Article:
Tokyo Vice

Summer is usually the time when the cinema turns to mindless action flicks to provide audiences with a surge of adrenaline. Most of them offer little in the way of plot but tons of excitement, enough to make the viewer forget that the prime elements of filmmaking, like character growth and plot development, are absent. Tokyo Vice very much tries to be a summer action film packed into about 50 minutes or so. I could get past most of the lame parts of the plot to enjoy the exploits on-screen, but ultimately it's a B-grade piece that's like a McDonald's hamburger. No frills, no character, a little meat and a lot of bun, but it's likable enough if it's what you're in the mood for.

Tokyo Vice really isn't about a vice squad, but instead follows the exploits of the members of the Rutz Detective Agency, a group of four friends who solve crimes together. We never really learn about a normal case for them, though...the story begins when a dying man hands a floppy disk to biker and Rutz member Junpei in the middle of a concert with the words, "Give this to Takashiro." Junpei feels like what's on the disk is now his responsibility, and he finds out that the man who'd been murdered had connections to the shadowy Yotsuboshi Corporation.

Junpei gets in touch with Takashiro's lab, but he's retired...and the lab assistant is on the take. As he heads to Takashiro's home, a militaristic helicopter attacks Junpei as he races through the city streets on his motorcycle and is nearly killed. His sister Kumiko keeps a close watch on him in the hospital only to get kidnapped by Junpei's would-be assassin. It's up to Akira, the head of the agency, to rescue Kumiko, unravel the mysteries that tie the Yotsuboshi Group to the highest levels of government, and keep the disk out of the hands of those who would use its contents to create an awesome weapon of destruction.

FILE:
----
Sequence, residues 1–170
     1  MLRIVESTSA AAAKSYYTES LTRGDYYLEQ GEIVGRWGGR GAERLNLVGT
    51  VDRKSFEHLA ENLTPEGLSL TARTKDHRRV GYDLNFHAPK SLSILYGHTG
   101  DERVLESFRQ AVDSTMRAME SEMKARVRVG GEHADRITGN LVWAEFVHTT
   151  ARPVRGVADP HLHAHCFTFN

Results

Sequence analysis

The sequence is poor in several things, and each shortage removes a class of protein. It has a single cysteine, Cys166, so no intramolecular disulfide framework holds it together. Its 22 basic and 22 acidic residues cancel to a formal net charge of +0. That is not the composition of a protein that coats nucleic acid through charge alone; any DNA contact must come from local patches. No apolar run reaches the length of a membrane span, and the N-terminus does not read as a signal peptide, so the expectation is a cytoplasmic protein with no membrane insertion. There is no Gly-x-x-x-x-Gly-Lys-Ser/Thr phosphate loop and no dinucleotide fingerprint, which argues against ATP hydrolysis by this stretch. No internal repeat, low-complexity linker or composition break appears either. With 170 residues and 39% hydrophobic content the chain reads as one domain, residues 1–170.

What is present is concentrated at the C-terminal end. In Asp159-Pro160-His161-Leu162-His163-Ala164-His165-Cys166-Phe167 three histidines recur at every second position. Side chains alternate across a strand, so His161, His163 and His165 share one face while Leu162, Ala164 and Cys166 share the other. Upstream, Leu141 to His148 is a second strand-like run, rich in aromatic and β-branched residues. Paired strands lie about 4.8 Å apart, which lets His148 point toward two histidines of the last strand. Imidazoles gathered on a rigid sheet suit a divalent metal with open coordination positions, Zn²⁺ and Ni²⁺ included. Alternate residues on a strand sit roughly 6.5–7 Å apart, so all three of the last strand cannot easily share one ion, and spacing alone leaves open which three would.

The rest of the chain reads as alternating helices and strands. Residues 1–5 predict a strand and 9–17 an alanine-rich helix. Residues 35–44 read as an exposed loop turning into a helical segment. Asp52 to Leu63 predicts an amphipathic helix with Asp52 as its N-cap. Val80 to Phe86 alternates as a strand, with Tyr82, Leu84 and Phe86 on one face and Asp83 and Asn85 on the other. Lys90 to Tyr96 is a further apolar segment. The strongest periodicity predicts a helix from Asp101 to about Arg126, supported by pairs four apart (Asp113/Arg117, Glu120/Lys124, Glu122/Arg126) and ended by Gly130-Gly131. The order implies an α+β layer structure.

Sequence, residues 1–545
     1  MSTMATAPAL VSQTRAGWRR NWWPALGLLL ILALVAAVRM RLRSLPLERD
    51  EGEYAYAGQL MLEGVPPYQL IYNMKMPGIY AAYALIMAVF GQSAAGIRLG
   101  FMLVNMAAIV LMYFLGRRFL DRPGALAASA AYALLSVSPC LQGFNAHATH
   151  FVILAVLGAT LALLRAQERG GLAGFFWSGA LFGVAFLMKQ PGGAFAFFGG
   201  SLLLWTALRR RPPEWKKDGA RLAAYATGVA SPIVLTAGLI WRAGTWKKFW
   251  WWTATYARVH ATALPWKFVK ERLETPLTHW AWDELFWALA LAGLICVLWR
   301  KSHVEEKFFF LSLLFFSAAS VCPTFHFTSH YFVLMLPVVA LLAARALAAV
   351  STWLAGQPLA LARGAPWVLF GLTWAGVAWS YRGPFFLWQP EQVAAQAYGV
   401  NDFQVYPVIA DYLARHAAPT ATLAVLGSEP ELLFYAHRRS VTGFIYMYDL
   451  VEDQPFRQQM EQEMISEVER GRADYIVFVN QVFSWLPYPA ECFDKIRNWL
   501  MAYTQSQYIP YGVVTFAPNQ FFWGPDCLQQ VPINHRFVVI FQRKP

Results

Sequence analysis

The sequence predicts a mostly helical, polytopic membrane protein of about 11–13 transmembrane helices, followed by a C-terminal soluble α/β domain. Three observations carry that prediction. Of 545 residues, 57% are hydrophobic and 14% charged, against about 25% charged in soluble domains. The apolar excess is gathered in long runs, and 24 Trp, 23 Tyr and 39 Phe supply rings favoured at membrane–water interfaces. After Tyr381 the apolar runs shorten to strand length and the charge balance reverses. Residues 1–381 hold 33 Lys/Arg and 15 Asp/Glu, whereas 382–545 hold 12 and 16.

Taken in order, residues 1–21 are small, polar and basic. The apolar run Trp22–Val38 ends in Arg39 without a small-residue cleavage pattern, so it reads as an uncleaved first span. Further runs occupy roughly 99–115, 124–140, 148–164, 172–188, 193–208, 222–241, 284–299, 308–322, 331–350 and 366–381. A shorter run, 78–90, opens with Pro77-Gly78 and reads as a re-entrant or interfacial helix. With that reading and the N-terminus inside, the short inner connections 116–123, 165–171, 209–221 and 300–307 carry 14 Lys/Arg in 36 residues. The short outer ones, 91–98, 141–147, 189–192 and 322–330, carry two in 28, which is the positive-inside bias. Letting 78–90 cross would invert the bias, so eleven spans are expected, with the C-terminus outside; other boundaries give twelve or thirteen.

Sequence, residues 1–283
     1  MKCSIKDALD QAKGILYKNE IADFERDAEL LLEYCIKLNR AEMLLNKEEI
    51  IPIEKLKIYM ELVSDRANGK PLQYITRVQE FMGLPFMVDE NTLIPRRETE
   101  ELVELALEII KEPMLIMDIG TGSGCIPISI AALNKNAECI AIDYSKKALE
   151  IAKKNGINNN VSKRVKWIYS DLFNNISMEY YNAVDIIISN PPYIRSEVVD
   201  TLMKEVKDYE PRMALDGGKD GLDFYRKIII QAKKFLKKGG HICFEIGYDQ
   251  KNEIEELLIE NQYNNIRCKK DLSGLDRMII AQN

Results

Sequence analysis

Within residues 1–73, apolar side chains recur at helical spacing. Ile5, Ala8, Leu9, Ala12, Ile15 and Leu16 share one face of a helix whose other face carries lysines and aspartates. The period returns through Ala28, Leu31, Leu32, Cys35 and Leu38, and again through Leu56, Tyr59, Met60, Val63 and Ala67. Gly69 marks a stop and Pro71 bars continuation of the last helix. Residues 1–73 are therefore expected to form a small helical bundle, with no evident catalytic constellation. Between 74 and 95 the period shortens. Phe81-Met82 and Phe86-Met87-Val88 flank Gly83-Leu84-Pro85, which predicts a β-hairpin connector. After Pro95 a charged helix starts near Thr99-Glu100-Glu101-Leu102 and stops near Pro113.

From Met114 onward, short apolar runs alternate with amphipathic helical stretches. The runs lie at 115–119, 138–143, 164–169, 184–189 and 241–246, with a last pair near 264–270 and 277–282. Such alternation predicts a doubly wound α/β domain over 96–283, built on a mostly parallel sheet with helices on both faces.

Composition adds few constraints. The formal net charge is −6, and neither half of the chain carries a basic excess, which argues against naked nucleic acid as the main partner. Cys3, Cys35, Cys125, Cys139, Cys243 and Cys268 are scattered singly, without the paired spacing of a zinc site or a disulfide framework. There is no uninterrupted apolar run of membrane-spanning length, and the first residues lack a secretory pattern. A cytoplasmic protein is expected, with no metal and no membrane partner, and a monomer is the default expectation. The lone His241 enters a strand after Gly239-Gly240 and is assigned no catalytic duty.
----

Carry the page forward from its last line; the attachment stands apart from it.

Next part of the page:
What we're looking at here, friends, is mindless escapist action fantasy. Now, granted, it's got a decent pedigree, with work from various folks involved with the original Dirty Pair series, Project A-Ko, and Yotoden (at least from what the box tells me). This is also a cleanly animated feature with a good OVA budget and attractive if unremarkable character designs. There're some nice skirmishes; in particular, the helicopter attack works quite well. We're also not given too much down time to concern ourselves about a plot. I was mostly entertained.

But what are we watching, then? The box screams at us that it's "Mission Impossible anime style!" Unfortunately, that's about as far from the truth as you can get. The Mission films at least had huge mindbender plots with twists and turns that would confuse a Mensa member. This program has none, nada, unless you count the kidnapping as a twist. (And I've given it away, too...oh well.) There's also no charismatic lead like Tom Cruise. The characters are too non-descript for us to get very involved in their exploits, and there's no character development either. Finally, there's the arena of believability. Though I enjoyed stunts like the helicopter blowing up half the Tokyo freeway system, it was impossible to believe that so much wanton death and destruction could be covered up! Yet that's what the show would have us believe. I can take a lot at face value, but that went over my line.

So once again, we have a show where you must turn off your brain to get into its spirit. Is this bad? If every anime were this way, I would have stopped watching a long time ago. This one's a show to rent when the better titles have been picked over by the teenagers early on a Friday night. Add about a letter grade if you love action stuff, and subtract one if you like intelligence in your anime...but even then, if you must have an adventure with lots of explosions, make sure you can't get Spriggan first.

Tokyo Vice -- violence, brief profanity -- C+